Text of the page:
Free Indirect Diagnosis: Reading Alongside the Doctor in Middlemarch

Livia Arndal Woods //

One of the techniques par excellence associated with the nineteenth-century novel is free indirect discourse, a literary device in which the cadences of a character’s interior, subjective voice are mapped onto an authoritative, third-person narrative voice. For example,”Ella thought Susan’s dress was silly” rendered in free indirect discourse might read more along the lines of “Ella eyed Susan’s silly dress.” In the second rendering, the narrator’s perspective is hard to distinguish from Ella’s, and vice versa. Who, exactly, thinks the dress is silly?

In my book project on reading pregnancy in the nineteenth-century novel, I explore what I call “free indirect diagnosis.” Free indirect diagnosis maps the cadences of a character who is a trained specialist with knowledge that presents as objective onto the increasingly subjective “authority” of a third-person narrator. Such diagnoses often occur in novels with medical characters, and the reader’s collaboration with them suggests some of the ways in which we work in conversation with nineteenth-century cultures of science, medicine, and psychology. Who, free indirect diagnosis prompts us to ask, is a qualified diagnostician?

Nineteenth-century realism tends to position our recognition of feeling bodies diagnostically, via the authority of narrator, doctor, or court of law with which our own reading practices almost necessarily collude. Free indirect diagnosis fosters this collusion by aligning “objective” narrative voice with the seeming objectivities of medical diagnosis, of hard physical fact deduced by a trained mind but not legible as an embodied experience.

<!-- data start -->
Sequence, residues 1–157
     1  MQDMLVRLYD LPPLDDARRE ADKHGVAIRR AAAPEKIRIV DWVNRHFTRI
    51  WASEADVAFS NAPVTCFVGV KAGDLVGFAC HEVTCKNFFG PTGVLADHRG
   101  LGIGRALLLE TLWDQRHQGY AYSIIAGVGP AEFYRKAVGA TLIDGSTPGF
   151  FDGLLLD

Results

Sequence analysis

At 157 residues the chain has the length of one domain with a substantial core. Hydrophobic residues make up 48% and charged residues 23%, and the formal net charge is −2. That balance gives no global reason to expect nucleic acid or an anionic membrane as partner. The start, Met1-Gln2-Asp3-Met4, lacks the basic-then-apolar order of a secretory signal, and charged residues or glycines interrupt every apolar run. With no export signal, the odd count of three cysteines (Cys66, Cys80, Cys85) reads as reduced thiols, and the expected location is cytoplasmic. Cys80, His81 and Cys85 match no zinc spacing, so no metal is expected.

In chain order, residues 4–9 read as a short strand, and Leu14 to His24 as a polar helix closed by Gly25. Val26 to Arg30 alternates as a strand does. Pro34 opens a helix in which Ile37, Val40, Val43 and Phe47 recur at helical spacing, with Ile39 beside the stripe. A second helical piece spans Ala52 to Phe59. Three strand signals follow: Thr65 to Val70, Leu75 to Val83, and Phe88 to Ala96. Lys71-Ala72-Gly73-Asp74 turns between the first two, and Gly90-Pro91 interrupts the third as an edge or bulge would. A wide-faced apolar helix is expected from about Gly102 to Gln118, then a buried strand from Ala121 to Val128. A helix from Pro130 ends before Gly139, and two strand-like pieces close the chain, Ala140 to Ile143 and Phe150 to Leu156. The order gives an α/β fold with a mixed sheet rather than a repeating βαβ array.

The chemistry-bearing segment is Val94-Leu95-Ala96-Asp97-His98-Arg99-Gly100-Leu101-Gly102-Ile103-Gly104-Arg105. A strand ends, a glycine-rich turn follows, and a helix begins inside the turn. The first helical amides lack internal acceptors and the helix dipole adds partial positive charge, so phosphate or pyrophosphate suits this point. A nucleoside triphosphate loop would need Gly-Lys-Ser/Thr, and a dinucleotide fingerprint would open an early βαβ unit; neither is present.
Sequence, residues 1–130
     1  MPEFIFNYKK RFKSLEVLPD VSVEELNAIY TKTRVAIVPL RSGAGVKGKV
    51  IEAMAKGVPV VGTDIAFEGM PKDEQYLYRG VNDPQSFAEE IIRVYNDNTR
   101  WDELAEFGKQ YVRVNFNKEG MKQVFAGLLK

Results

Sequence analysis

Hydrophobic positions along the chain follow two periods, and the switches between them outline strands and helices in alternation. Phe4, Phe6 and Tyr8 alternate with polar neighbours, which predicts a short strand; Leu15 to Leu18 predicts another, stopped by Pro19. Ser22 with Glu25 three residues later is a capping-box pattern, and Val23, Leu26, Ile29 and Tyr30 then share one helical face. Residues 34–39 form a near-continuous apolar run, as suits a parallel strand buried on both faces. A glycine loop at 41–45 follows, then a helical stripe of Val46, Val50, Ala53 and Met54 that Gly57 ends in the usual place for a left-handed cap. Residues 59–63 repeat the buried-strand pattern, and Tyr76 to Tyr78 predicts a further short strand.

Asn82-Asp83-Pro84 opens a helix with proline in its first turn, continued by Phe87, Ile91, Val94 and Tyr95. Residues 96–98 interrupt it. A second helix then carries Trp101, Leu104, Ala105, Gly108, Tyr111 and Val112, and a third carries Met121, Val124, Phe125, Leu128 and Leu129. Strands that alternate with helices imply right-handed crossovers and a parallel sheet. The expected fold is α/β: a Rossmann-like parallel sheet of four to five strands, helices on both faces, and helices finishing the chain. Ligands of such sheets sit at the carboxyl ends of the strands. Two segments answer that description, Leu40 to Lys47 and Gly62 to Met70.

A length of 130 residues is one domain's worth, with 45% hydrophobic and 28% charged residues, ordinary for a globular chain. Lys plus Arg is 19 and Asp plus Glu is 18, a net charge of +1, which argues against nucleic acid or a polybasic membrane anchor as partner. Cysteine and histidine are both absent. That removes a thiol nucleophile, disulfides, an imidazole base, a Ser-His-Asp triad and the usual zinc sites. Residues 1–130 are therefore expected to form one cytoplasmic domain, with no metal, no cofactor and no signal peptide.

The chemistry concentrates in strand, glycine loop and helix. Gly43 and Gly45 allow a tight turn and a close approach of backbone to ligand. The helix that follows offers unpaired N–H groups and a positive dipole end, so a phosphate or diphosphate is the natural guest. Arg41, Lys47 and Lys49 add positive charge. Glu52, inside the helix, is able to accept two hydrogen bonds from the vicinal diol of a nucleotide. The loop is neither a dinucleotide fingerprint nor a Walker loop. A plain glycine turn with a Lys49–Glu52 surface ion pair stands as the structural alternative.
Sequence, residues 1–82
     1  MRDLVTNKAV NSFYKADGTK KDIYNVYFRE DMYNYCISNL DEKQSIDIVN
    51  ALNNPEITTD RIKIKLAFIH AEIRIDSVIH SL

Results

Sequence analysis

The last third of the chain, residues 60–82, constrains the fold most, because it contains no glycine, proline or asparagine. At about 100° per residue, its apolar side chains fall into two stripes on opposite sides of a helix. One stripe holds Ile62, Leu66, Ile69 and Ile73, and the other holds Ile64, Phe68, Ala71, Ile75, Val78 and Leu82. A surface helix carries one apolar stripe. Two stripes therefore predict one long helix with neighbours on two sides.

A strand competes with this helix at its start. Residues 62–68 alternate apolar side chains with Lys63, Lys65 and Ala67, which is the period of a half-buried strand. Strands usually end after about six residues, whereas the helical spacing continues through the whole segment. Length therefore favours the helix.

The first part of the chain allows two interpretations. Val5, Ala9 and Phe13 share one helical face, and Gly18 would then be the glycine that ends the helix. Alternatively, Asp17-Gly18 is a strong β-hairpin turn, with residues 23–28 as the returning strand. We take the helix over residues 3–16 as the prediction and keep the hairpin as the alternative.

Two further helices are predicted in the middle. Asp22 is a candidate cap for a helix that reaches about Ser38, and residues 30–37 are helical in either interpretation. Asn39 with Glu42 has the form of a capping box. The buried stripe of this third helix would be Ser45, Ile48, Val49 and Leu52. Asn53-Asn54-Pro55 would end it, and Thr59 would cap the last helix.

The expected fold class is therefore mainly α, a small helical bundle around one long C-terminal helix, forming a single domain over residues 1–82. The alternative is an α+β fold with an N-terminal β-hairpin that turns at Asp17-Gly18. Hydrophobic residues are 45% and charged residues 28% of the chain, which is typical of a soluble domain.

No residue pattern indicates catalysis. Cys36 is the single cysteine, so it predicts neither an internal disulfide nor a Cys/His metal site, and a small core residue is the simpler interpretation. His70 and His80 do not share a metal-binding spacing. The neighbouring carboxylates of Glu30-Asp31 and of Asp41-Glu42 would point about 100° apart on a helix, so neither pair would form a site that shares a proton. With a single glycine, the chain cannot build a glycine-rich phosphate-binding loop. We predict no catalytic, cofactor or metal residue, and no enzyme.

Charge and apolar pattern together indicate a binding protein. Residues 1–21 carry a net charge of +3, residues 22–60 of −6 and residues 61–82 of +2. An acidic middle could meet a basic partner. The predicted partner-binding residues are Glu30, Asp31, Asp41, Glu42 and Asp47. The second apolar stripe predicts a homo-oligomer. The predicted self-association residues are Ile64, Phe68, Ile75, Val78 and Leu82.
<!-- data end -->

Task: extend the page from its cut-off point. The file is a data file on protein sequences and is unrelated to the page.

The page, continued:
Before I turn to reading Rosamond’s miscarriage in George Eliot’s 1874 Middlemarch as a particularly clear case of free indirect diagnosis in the nineteenth century novel, I want to spend a little obligatory time with Foucault. In The Birth of the Clinic, Foucault treats shifts in ways of seeing and saying that follow the codification of medical education in the 18th century. He argues that “a new alliance was forged between words and things, enabling one to see and to say” (xii – emphasis Foucault’s). The ability of a specialized few to see and to say in turn enabled, says Foucault, the development of a medical gaze that codified the separation of mind and body. Though I wouldn’t want to think through medical attendance on the bodies of middle and upper class ladies in Victorian novels in the same way that Foucault thinks through the teaching clinics treating primarily lower-class patients, his interest in changing modes of seeing and saying does provide a useful structure for theorizing how pregnancy is narrated in the Victorian novel and the work of free indirect diagnosis. The historian Barbara Duden has argued that, before the 19th century, pregnancy was sometimes seen and said only after a woman’s own announcement of quickening. In other words, when a woman first felt the stirrings of the fetus inside her body, she announced the event publicly and was known, thereafter, to be pregnant (43–44). It’s interesting to think about this model – one in which women speak their pregnancies into being seen on the basis of knowledge founded on subjective, internal bodily sensation – in contradistinction to the Victorian model – one in which pregnancies remain publicly unspoken by men and women alike, even past the point at which they are being undeniably seen. In this case, it is the doctor’s “objective” assessment rather than the woman’s “subjective” announcement that makes pregnancy “exist.” The exception to this silence about and invisibility of the pregnant Victorian body lies, of course, with the doctor. Established medical authority positions the doctor as see-er, say-er, and know-er of bodies. As such, he pivots between the otherwise unseen, unsayable, and secret and the articulable, and social. The doctor is a visible, masculine figure that mediates largely invisible, feminized bodies based on his opinions regarding observable surfaces (the surface of the belly and breasts, or perhaps of the vaginal canal and cervical opening depending on the methods of his practice and the position of his patients).